Today is the International Museum Day. There are at least 55,000 museums in the World, according to ICOM (International Council of Museums), and many of them are organising activities or exhibitions for this special day. It is a great opportunity to visit one (or several) of them today, but also to learn more about these unique places of research and education.
History of museums
The word “Museum” comes from the greek word Μουσεῖον (Mouseion), a temple dedicated to the Muses (Divinities of Arts and Sciences). These temples were filled with offering to the Muses ranging from work of Art to engineering marvels. “Mouseions” were the ancestors of museums.
The first museum per se, was the Ennigaldi-Nanna’s museum, which was curated by Princess Enigaldi in Mesopotamia (nowadays Iraq) circa 530 BC. It displayed archeological artefacts, with clay museum label written in three languages.
Later in the Antiquity, another museum, the Musaeum or Mouseion at Alexandria (which included the Library) was created by Ptolemy I Soter around 300 BC. It was the first museum to house both a collection and scholars doing research on this collection. It probably declined earlier, but completely disappeared, along with its research practise, in the fire of the Library.
Museums reemerged almost two millennia later in the Renaissance, in the form of Curiosity cabinets. They were collections of objects with no clear categorical boundaries, and were supposed to be the physical Encyclopedia. These cabinets were private, which meant that they were only accessible to their owners and their guests. Furthermore, most of them were not studied at all.
In the 18th and 19th century, several museums, such as the Louvre (Paris), the British Museum (London), the Muséum National d’Histoire Naturelle (Paris), or the Rijksmuseum (the Hague and then Amsterdam), opened their doors with public exhibitions. The objects began to be displayed and studied again. From this moment on, museums have been a place of research and non-formal education, with a real emphasis on the latter since the middle of the 20th century. The learning takes place through the objects from the collection, offering the learners a first hand experience (Museum and Education by Prabhas Kumar Singh), and a holistic approach (The Educational Role of the Museum, by Eilean Hooper-Greenhill).
Today, a museum is defined as follows: “A museum is a non-profit, permanent institution in the service of society and its development, open to the public, which acquires, conserves, researches, communicates and exhibits the tangible and intangible heritage of humanity and its environment for the purposes of education, study and enjoyment” (ICOM 22nd General Assembly, Vienna, Austria, 24 August 2007).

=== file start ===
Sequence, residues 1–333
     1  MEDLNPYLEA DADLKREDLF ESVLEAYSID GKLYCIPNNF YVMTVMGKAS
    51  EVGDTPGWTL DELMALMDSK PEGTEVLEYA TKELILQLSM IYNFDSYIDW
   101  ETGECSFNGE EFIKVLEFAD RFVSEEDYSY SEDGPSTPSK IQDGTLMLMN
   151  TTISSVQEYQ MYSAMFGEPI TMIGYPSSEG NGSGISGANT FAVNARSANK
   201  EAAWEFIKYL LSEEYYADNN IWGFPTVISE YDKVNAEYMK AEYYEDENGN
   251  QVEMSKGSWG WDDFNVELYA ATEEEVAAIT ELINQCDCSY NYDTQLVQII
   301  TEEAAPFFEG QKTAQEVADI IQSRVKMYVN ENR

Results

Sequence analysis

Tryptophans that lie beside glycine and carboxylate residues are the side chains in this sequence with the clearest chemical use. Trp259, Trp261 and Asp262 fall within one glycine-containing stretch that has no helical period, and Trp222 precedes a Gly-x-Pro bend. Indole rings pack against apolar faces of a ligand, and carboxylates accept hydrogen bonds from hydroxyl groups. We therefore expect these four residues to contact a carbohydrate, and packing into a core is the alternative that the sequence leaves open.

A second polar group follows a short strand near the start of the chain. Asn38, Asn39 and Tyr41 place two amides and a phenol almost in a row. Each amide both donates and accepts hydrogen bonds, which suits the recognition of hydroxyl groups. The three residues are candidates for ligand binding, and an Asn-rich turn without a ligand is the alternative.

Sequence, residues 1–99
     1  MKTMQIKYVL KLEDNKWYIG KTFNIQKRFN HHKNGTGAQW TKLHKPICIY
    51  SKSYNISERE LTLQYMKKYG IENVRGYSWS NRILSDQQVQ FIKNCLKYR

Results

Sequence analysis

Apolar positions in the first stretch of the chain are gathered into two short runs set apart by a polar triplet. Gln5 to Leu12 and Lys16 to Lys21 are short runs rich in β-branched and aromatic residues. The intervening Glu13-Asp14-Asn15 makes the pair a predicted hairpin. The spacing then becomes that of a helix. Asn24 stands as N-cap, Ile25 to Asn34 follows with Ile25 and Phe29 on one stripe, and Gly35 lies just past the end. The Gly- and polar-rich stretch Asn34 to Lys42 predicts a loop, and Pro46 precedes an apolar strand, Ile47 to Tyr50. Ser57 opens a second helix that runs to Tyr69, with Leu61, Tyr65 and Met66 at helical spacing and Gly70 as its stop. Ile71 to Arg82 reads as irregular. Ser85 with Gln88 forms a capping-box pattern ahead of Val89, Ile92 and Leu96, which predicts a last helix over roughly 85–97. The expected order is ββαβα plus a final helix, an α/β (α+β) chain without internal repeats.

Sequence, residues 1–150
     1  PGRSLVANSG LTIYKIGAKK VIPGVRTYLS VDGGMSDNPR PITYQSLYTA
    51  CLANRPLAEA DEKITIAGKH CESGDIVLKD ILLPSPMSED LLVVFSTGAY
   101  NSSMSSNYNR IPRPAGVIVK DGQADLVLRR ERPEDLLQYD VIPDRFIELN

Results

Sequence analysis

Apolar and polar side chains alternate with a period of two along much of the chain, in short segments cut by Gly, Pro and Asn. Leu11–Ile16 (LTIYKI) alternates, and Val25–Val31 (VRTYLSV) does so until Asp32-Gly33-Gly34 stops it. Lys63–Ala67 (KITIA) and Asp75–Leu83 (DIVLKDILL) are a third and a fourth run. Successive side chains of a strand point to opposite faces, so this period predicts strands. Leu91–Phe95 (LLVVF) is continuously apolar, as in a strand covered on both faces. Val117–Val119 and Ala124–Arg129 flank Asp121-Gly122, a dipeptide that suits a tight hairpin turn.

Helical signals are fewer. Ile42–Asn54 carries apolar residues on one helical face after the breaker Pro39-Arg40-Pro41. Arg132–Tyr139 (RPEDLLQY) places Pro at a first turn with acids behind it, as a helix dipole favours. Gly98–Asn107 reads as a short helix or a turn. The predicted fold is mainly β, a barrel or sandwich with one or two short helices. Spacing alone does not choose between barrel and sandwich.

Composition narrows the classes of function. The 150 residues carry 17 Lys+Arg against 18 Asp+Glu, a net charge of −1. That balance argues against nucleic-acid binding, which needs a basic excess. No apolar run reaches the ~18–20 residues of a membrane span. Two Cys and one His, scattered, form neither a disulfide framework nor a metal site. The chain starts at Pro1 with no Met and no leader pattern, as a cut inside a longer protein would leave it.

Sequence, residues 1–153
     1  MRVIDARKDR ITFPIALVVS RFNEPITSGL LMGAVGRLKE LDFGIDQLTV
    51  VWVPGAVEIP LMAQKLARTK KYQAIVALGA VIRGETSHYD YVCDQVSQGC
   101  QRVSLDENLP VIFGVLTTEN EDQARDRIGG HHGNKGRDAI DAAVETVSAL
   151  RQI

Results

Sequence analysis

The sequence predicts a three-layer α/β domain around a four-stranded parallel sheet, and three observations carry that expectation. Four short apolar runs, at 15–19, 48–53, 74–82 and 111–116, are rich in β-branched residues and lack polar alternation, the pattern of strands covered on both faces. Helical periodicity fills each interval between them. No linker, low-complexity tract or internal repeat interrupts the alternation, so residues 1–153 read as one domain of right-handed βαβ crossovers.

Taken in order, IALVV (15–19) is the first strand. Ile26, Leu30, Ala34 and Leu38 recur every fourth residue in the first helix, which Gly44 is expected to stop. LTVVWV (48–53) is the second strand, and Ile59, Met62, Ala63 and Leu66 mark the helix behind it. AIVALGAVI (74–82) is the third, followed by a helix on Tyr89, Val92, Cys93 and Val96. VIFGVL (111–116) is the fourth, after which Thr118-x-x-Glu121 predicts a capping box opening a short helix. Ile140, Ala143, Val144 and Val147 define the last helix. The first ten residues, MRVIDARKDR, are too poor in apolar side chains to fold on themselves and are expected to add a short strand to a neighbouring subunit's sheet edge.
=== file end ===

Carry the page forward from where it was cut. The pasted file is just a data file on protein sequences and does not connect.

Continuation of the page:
Many museums also hold conferences/courses and/or deliver degrees, but all of them are places of research and education (non-formal education), which are based on their collections (objects). Thus, the concept of “education through objects“:
While the buildings, the sites and the analysis of museums as cultural organisations have great educational potential, much teaching and learning in museums and galleries focuses on the collections. Learning from objects can be uniquely holistic. It can encompass skills development (including those of literacy and numeracy); increase knowledge and awareness; offer experiences that illuminate personal relevance and that ground abstract concepts; and enable social learning. – Excerpt from The Educational Role of the Museum, by Eilean Hooper-Greenhill
Education through objects: Museum objects are important part of the cultural and natural heritage of a country. They act as important means of work and represent the basis of work, an object of research for various technical, social and natural science branches such as botany, zoology, history, history of art, archaeology, ethnography, etc. Objects can make unique contribution to our understanding of the working of individuals and societies. In short, it can tell us more about ourselves. Hence, we collect objects to show illustrative examples of societies and individuals. Learning directly from the objects provide an first hand experience to the learners. For example an individual who has seen and handle few fossils or examined an exhibit showing how fossils are formed would have a better knowledge about fossils then those who have only read about them. Sensory experiences form the basis of museum education. – Excerpt from Museum and Education by Prabhas Kumar Singh
Museum Day 2018
There is a tendency towards more interactivity and connectivity, as reflected by this year Museum Day’s theme “Hyperconnected Museums: New Approaches, New Publics”. To find out which events are available at your location, consult the Museum Day World Map, the International Museum Day page on Facebook, or search Twitter for #MuseumDay hashtag and your location.
For more info about museums, check out these two TED-ED videos: